Co-Op re-purposes funding for Fairtrade farmers around the world

Co-Op re-purposes funding for Fairtrade farmers around the world

The UK-based Co-op group has re-purposed a total of £310,000 funding to directly support Fairtrade cocoa sector producers around the world, including farmers in Peru, who have been impacted by the global coronavirus crisis.

As the ethically-focused business explained to Confectionery Production, the pandemic has had a major impact on international trade and purchasing restrictions has caused the deflationary spiral in cocoa prices which have dropped by 28% since the start of March.

The cocoa sector continues to be impacted by the spread of the disease and as the price, which has been as high as $2998 per tonne, continues to fall, it will have significant affects for the farmers at the end of the chain and their livelihoods.

In response, Co-op has repurposed £310,000 of funding which will go to help projects across the world. This includes £42,500 from Co-op and its supplier ICAM Chocolate UK Ltd for Cat-Tocache cocoa co-operative in Peru. The community is using the funds for emergency relief food parcels, essential PPE equipment for health personnel and quarantine hostels for people infected with Covid-19 to isolate away from their families.

The funding will support 415 farmer members of the Cat-Tocache co-operative (pictured) with its 2,075 family members and communities from the environmental and social development areas of the Tocache Town in Northern Peru. The move forms part of the Co-op Global Wellbeing Charter, a new initiative which aims to provide close to £1m in monetary support to help support global projects during the crisis.

Its five point plan spans aspects of Fairtrade, humanitarian support, access to clean water, workers’ rights and climate change to include: £310k of existing funding has been repurposed to support Fairtrade producers through the pandemic emergency, and £647k donated to communities to clean water and sanitation projects and help tackle the spread and impact of coronavirus.

In addition, the business is supporting a number of projects with our suppliers and other partners across the rest of our supply chain to address the impact of coronavirus to keep workers safe. This includes being a Signatory of the United Nations Recover Better campaign to prioritise a recovery from coronavirus consistent with a sustainable world for future generations, as well as increasing the visibility of Fairtrade products in Co-op stores.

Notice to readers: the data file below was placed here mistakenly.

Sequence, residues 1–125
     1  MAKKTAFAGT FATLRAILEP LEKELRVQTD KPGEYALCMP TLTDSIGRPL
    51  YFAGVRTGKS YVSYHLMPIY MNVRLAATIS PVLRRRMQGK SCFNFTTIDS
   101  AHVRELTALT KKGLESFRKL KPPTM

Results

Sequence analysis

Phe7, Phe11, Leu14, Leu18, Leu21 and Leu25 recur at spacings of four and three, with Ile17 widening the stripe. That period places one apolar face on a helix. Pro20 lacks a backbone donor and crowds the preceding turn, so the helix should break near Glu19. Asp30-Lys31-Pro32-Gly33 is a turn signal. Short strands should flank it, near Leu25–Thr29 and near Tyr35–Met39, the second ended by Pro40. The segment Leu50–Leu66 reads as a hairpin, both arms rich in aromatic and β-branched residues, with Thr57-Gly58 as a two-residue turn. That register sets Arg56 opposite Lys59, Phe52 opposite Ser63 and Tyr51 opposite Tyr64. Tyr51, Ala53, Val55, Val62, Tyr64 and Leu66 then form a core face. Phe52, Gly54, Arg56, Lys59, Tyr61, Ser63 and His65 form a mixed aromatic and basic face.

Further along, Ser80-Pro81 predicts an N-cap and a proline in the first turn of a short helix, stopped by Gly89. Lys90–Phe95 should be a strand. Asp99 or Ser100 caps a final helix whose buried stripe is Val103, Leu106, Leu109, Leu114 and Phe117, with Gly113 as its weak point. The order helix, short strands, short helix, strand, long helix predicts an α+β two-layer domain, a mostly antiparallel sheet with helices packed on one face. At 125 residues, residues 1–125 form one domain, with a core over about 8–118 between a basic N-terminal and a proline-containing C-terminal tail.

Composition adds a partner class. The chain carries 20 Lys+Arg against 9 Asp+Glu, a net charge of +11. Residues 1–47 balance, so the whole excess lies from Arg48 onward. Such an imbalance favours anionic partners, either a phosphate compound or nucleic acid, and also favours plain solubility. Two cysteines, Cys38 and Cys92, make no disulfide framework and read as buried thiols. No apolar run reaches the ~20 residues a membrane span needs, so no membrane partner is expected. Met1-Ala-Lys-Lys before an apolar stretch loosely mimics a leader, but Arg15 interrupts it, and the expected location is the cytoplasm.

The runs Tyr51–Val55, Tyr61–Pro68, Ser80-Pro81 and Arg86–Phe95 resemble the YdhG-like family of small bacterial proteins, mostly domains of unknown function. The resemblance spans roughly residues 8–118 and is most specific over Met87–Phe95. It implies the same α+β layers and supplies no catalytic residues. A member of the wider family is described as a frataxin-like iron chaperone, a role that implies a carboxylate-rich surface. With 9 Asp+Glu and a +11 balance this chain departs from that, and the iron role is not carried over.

Cathryn Higgs, head of policy at Co-op said: “As a co-operative, people are naturally at the heart of everything we do and we are committed to helping those people in our supply chain who have been worst affected by the unprecedented impacts of coronavirus. By repurposing our funds, we are funnelling money right to the heart of where it is needed. Fairtrade is the only ethical mark that guarantees a fair price for the crops so when the price drops, we know that we are still paying our farmers the right price for the goods.

“We are pleased to be able to launch our new Global Wellbeing Charter at a time when many supply chains across the world are facing a raft of new challenges. Our business must be agile in responding to these and we are committed to protecting workers’ livelihoods and the environment as we navigate this crisis together.”

Euan Venters, commercial director at Fairtrade Foundation, added: “We’re deeply concerned about how coronavirus will affect people living through conflict, disaster and poverty. Across the globe, each one of us has been affected by coronavirus pandemic. This crisis is a global humanitarian challenge. Now, more than ever, we must support one another, especially the most vulnerable members of society.”

Under Fairtrade, cocoa farmers earn a minimum price for their cocoa beans in a bid to protect them against global market volatility. On top of this, a Fairtrade premium is paid to the certified farming co-operatives, which is spent on community projects such as building schools or health centres, improving productivity and quality. It’s estimated that 500 million blocks of chocolate were sold last year, which has increased by 15% in 2020 to 560m.

If every single bar bought was done so on Fairtrade terms, that would equate to over £700k of Fairtrade premium going to help these farmers protect their livelihoods. Sales since lockdown of block chocolate have increased by more than 40% across the market, with sales at Co-op more than doubling.

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